As reported by Jon Coen in The Atlantic City Press.

OCEAN CITY, NJ – At most surf contests the waves are half the story. Good waves can make or break a competition. But that wasn’t the case with the Chip Miller Surf Fest.

Despite a fairly consistent summer, August has been fairly dismal for surf. The conditions Tuesday were about as poor as Ocean City gets. But even that didn’t stop hundreds from coming to the Seventh Street beach to surf and take part in the festivities.

Bethany Hamilton, 18, of Hawaii, was the highlight of the day for most in attendance. In 2003, she lost her left arm to a shark attack. Rebounding from every surfer’s worst nightmare and coming back to the top of women’s competitive surfing has been an inspiration for not only surfers, but people the world over.

Hamilton, whose father, Tom, is originally from Ocean City, made an appearance courtesy of her sponsor, Ocean Minded, which backed this year’s Surf Fest.

Rachel Fosbenner, 11, of Beesleys Point waited with a group of her Ocean City friends for 45 minutes for a chance to meet Hamilton and have a Hamilton book signed. She and her friends have been attending surf camp this summer. Fosbenner,like many young girls, is inspired by the way Hamilton lives her life.”When she was hurt, she just got up and did it again. She didn’t let losing an arm slow here down,” explained the youngster.

“This trip to New Jersey has been good. It’s beautiful out. There’s no surf, but everyone’s having a good time,” noted Hamilton, “It’s just cool to see a community come together to support such a great cause.”

“There’s no doubt, Bethany put it over the top,” said Lance Miller, son of Chip Miller.

Chip Miller died from amyloidosis, a rare disease that degenerates the body’s organs and tissue, in 2004. In the years following, Miller’s family and friends began the event to not only honor him but to spread awareness of the disease and raise money for research.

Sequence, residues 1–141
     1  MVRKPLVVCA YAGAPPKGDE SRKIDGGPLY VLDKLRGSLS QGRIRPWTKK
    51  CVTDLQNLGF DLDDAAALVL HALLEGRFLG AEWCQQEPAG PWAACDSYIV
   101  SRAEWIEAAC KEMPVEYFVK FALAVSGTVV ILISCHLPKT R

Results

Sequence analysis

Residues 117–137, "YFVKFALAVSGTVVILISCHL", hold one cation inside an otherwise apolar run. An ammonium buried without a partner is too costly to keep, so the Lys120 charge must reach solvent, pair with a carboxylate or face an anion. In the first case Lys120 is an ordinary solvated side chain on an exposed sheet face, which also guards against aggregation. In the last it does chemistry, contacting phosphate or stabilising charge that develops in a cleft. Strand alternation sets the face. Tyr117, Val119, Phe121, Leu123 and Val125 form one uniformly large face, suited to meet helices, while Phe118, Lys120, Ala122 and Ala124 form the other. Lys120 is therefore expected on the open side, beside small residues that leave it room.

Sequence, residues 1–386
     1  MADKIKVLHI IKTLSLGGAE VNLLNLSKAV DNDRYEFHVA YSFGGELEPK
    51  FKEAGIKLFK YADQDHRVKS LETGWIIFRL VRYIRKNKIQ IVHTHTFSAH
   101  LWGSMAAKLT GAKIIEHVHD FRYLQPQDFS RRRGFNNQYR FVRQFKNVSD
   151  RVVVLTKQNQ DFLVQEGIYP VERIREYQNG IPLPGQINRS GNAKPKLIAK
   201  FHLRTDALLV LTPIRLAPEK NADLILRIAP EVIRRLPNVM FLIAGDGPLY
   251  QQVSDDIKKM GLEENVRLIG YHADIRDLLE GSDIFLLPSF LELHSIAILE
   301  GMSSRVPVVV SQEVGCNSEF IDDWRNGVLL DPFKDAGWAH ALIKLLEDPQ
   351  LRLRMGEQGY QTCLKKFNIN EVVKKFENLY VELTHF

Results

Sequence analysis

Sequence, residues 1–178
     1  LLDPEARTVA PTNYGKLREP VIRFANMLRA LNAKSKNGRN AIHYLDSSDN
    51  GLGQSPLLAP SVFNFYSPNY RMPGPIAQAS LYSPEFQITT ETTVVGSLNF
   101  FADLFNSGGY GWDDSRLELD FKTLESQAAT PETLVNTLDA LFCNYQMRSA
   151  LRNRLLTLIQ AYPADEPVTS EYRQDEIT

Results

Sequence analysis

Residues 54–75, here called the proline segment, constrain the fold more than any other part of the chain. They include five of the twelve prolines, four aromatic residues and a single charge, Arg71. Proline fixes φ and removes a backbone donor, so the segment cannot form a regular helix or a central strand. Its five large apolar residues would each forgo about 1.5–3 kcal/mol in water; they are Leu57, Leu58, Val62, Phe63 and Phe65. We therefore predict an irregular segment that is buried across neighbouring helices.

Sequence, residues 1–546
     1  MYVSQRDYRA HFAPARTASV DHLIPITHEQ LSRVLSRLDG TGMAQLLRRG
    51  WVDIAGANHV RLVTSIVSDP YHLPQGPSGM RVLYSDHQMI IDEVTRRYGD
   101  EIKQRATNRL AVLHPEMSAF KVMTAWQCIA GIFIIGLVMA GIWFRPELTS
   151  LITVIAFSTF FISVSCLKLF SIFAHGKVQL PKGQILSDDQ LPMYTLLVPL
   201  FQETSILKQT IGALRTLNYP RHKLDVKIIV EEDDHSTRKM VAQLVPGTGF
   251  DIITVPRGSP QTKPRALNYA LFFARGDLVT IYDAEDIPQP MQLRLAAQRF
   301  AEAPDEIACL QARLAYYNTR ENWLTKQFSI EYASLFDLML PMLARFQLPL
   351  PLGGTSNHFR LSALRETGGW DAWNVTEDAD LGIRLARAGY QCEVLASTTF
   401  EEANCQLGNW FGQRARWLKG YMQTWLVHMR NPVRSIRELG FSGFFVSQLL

After the small waves from last weekend died out, most surfers knew that chances of a nearly flat ocean were very probable. But still, they came out for the cause.

“There were no waves, and we had the most people we’ve ever had down here,” said event director, Nick Bricker, “We had so many people sign up yesterday and at beach registrations this morning. I’m sure you can attribute part of that to Bethany Hamilton.”

Bricker also made mention of the day’s other special guest.

“It’s also nice to see my buddy Dean (Randazzo) home and looking healthy.”

Somers Point’s Randazzo, also rides for Ocean Minded. He remains the only New Jersey made surfer to have competed on the prestigious ASP World Tour. He is currently recovering from a fourth bout with cancer.

This is his first trip home since his rigorous treatment last spring in La Jolla, Calif. He has yet to surf since his latest stem-cell transplant, but his doctors say everything looks good. His current medicine leaves his body very susceptibl to illness, however.

“I don’t have a normal immune system right now. If I wasn’t on this medicine, I would be surfing already,” said Randazzo.

After his stem-cell transplant in 2006, he was in the water just days out of the hospital, and competing in a week.

“This medicine is serious stuff,” he explained, signing autographs beside Hamilton, “I can’t fool around. But what a turnout today.”

Randazzo will host his own Dean Randazzo Cancer Foundation Surf For a Cause on Saturday, Sept. 6 in Margate.

Most surfers found it a challenge just to stand on a wave. Though a few Mens and Longboard Division competitors were able to make something of the tiny shorebreak.

In the middle of the day, two New Jersey professional tow-at teams, Frank Walsh and Sam Hammer and Andrew Gesler and Matt Keenan, electrified the crowd by whipping each other at the surf behind personal water crafts. Even in the tiny surf, they were able to launch airs and do turns.

To read the full article, and for photos from the contest, check out The Atlantic City Press site.